Most people know when they are being used. It’s obvious. A friend likes the perks of being around you because you can afford to pay. A family member emotionally manipulates you to get their way. A coworker sticks close because you do the better work.
We dislike being used. It feels slimy. We can see through a person’s attempt to keep us near, right to the heart of their agenda. But God’s ability to look on a person’s heart far surpasses our own. He can clearly discern that what we often want isn’t him, but what he gives us.
The good news? The gospel is for users like you and me. But first, a story.
Israel’s Attempt to Use God
In 1 Samuel 4, the Philistines confront Israel in battle, so the Israelites decide to use the ark of the covenant as protection. We know their motive was foul because “the two sons of Eli, Hophni and Phinehas, were there with the ark of the covenant of God” (4:4), and these men were the opposite of God-fearing. “Now the sons of Eli were worthless men. They did not know the Lord” (2:12). As priests, they dealt dishonestly with sacrifices, stealing portions for themselves, and they acted immorally with the female servants (2:17, 22).
Israel’s attempt to use God didn’t end well. Their confidence came to a quick defeat. “Every man fled to his tent,” 30,000 soldiers perished, “the ark of God was captured, and the two sons of Eli, Hophni and Phinehas, died” (4:14).
Through this account God, “The Lord of hosts, who is enthroned on the cherubim” (4:4), makes clear that he will not be used by men.
Our Attempts to Use God
The moral of the story? We dislike the feeling of being used by others—but we are not innocent. We often seek to serve our agendas and control our plans. We like to walk “by faith”—but only if this will lead to reward.
See if any of these scenarios describe you:
- Do you attend church services because you want to feel better about yourself, or as a remedy for your problems?
- Do you leave church dissatisfied when the worship service didn’t exactly fit your preference?
- Do you only pray when you want God to give you something, or when you’re feeling unfulfilled?
- When you serve, are you frustrated that you don’t get more attention?
- Are you generally disappointed with God unless something good happens to you?
- Do you easily forget to thank him?
- Do you expect God to give you immediate success when sharing the gospel?
- Do you read the Bible solely to live a better life?
- Do you use the Bible to push your own agenda?
- Do you expect God to immediately reward you for doing good works?
- Do you avoid any talk about sin because it offends you?
In what ways are you attempting to use God? We live in people-centric cultures and times—but this is nothing new. From the beginning, sin has bred selfishness. We’ve lost sight of “the Lord of hosts, who is enthroned on the cherubim.” We’ve made ourselves the center of the universe. Adam and Eve first sinned against God because they wanted to be like him (Genesis 3:5). And this desire for self-glory and control perpetuates with you and me.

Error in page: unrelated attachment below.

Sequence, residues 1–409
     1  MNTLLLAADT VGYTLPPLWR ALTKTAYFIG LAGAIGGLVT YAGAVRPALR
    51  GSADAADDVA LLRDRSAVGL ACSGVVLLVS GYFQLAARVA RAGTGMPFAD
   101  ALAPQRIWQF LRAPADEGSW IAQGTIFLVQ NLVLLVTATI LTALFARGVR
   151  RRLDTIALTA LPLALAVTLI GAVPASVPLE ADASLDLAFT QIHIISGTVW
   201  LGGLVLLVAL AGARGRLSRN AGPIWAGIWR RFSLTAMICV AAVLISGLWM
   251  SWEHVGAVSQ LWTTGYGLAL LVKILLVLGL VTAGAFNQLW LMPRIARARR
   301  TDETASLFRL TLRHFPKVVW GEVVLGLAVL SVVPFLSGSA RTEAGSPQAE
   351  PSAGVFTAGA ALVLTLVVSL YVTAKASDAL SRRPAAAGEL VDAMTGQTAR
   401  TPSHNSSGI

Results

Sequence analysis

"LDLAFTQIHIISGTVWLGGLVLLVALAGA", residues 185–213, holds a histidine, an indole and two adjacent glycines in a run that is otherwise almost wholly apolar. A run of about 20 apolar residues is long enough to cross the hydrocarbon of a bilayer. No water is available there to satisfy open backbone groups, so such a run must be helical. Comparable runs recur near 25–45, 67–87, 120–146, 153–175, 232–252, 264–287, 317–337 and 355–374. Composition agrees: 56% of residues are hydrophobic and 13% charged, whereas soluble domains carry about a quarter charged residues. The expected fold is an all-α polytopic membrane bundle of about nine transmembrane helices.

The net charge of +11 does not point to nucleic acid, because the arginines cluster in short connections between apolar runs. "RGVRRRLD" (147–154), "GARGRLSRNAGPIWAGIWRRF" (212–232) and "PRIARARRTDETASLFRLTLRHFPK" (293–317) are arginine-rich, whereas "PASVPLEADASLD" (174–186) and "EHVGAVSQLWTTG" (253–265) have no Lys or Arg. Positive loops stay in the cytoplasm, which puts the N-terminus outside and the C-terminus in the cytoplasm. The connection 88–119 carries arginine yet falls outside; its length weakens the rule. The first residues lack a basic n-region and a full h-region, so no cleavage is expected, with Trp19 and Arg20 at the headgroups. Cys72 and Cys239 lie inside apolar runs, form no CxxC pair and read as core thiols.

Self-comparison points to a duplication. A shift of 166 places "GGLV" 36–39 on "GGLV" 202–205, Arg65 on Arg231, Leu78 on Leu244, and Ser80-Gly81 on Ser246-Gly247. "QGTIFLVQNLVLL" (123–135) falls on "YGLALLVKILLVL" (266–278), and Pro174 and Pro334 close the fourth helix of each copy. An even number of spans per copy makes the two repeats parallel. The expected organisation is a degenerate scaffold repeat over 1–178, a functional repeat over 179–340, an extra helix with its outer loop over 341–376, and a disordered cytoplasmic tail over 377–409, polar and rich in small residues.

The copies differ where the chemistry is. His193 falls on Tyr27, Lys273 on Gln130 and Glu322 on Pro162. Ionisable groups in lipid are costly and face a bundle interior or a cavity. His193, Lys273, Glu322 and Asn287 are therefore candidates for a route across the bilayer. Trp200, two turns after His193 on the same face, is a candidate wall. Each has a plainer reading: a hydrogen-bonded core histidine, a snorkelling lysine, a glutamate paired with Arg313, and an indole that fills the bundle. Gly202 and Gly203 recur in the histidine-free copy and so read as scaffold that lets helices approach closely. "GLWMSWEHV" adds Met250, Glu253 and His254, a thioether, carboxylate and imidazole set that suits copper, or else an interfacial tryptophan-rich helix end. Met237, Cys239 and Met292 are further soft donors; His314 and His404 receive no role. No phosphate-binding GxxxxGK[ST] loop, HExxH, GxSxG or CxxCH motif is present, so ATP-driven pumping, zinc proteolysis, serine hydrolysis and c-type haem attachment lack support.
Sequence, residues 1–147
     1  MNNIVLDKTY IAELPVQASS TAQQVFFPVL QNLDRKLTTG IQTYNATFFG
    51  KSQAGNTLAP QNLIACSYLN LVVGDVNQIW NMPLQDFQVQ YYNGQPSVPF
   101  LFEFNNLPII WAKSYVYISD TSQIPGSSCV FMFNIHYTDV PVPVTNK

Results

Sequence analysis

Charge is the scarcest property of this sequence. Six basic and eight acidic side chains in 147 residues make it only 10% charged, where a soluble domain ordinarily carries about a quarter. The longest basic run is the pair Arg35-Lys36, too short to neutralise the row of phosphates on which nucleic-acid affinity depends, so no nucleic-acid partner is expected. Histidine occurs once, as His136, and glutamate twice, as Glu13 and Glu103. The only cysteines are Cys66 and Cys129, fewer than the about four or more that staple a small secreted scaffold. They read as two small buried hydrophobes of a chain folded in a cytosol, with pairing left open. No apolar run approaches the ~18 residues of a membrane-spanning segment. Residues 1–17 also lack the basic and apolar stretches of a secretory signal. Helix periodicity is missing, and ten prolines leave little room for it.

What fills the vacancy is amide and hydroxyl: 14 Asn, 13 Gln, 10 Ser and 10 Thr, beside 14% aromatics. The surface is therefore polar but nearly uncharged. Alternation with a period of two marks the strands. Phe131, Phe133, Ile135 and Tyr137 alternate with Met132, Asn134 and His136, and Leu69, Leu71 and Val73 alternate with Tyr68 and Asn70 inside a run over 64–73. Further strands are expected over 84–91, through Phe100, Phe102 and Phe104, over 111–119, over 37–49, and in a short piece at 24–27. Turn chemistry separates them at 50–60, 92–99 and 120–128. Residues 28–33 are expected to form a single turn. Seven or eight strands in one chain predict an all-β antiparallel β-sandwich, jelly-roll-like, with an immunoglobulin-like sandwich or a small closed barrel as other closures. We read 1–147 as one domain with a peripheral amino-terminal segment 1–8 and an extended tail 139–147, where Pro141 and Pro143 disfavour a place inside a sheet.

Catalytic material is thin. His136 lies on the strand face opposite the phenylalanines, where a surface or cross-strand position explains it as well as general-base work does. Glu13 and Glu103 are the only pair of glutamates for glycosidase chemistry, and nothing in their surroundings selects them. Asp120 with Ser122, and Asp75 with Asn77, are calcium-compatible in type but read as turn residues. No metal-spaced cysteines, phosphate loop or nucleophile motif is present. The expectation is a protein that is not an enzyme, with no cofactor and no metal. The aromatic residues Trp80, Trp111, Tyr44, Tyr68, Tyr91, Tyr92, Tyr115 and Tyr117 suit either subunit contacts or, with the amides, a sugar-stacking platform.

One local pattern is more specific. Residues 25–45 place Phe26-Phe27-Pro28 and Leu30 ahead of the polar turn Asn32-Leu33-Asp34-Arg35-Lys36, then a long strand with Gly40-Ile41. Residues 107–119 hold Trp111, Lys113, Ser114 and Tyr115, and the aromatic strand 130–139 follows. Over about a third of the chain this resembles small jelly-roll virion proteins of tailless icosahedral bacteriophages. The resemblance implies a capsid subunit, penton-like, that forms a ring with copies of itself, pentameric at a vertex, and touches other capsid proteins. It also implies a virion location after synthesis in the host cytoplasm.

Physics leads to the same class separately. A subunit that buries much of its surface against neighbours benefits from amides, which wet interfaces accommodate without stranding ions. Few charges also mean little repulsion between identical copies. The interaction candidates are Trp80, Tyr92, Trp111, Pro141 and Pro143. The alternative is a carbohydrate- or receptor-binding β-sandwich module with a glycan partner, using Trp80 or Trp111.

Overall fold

But the God who is high and lifted up, our Creator, will not be controlled by his creation. He holds the depths of the earth in his hand, and the heights of the mountains are his (Psalm 95:4). He looks upon the children of man with full knowledge of our sin, and he tests our hearts (Psalm 11:4). He knows all—past, present, and future—and he dictates and orchestrates his purposes and plans for his glory.
This is our God! We exist for him; God does not exist for us. He longs for us to come to him dependent and weak, to recognize our need for his salvation, hope, and strength. We were created to submit ourselves wholly to him, not the other way around. What are users to do?
What Are Users to Do?
The gospel is for users. This is the paradoxical, beautiful reality of who God is and what he has done for you and me:
- He will not be used by mere man—yet he freely dies on the cross for mankind.
- He will not be controlled by humans—yet he humbles himself to save us by becoming a human in the person of Jesus Christ.
- His plans will not be dictated for him—yet Christ submits to the Father’s plan and lays down his life for selfish sinners.
God knows our selfish hearts—but he also redeems us. Jesus sees our vain ambitions—and yields to the Father’s will to free us from them. The gospel of Christ convicts users, cleanses users, and changes users into worshipers.
Knowing our sin, and the generosity and grace of Jesus Christ, we repent. We turn to him and confess our attempts to use him for self-centered purposes. We confess selfish ambition, narrow-mindedness, worldly understanding, and the foolishness of thinking we are stronger and wiser than he. We turn from our sin and yield to God because he forgives and cleanses us from all unrighteousness. We take joy in knowing that we exist for God.
God will not be used—but he will give himself freely to sinners. All of this beautiful gospel so we would have new hearts that desire his will, not our own.